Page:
If I wanted to know how many grams of sugar were in my drink or my glazed donut or my favorite molten lava cake, I’d ask. If I wanted to feel like I was being poisoned by everything I didn’t grow in my own backyard with composted soil, I’d go to Dr. Mercola’s website or I’d read Grain Brain. But I don’t want to know. I don’t want to break up with sugar or carbs. I want to enjoy a damn treat without social media down my throat about how it’s going to give me cancer.
If the uni frap were marketed like a green smoothie, I’d get the pushback. I’d feel cheated. There would be an obvious disconnect there. But what I can’t wrap my brain around is the utter SHOCK by the world that the unicorn frappuccino has a ton of sugar. If I wanted something low in sugar I’d take accountability as an educated consumer and I’d order a regular coffee. I’d eat a damn salad.
And might I point out (as registered dietitian who has taken several food science and nutrition classes) that the colors in the shake are natural. Notice turmeric, spirulina, and fruit and vegetable extracts in the ingredient list? There’s a ton of ingredients, yes, because it’s made with a bunch of different syrups. It actually makes plenty of sense.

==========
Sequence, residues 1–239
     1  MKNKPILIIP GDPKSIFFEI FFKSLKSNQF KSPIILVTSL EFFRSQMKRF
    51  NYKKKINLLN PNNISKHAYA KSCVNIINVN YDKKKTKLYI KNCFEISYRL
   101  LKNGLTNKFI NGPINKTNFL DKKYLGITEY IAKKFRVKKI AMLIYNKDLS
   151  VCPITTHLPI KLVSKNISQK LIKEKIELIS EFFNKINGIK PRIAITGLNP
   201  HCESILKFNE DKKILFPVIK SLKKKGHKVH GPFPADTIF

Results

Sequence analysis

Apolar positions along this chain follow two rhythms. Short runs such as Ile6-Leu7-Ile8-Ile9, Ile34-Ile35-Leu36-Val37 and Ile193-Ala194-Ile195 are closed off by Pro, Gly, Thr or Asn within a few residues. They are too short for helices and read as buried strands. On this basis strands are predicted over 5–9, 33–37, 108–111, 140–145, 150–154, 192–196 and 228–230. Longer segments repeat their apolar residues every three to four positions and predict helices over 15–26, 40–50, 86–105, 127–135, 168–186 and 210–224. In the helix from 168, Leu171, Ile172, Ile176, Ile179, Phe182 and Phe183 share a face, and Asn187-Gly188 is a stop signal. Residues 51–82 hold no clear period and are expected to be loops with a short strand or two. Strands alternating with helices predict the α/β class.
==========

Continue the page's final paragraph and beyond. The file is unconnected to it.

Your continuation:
Starbucks trademarked the word “frappuccino” and it literally means cold coffee or another base ingredient blended with milk, ice, and other add-ins topped with whipped cream and sauce. They didn’t break any promises here. The main ingredients are (in order) ice, milk, and various syrups. The pink powder is colored with apple, cherry, radish, and sweet potato. The mango syrup is colored with turmeric. The sour blue powder is colored with spirulina (blue green algae). The demonization of citric acid in the ingredient list is actually hilarious to me. It’s used in TONS of products you probably eat all the time as a naturally-occurring preservative or to add sourness (which is the use here).
In short, I don’t condemn Starbucks for the unicorn frap. I commend them.
If you don’t want to drink what you think is the edible equivalent of cancer, then by all means don’t. That’s your right. But you surely don’t need to judge everyone else that does.
And one more thing. Do they think this mass produced item that Starbucks is probably selling three trillion of would seriously even be preservative free? Do they think they grew the mango syrup in their backyard amidst hydroponic purple cauliflower?!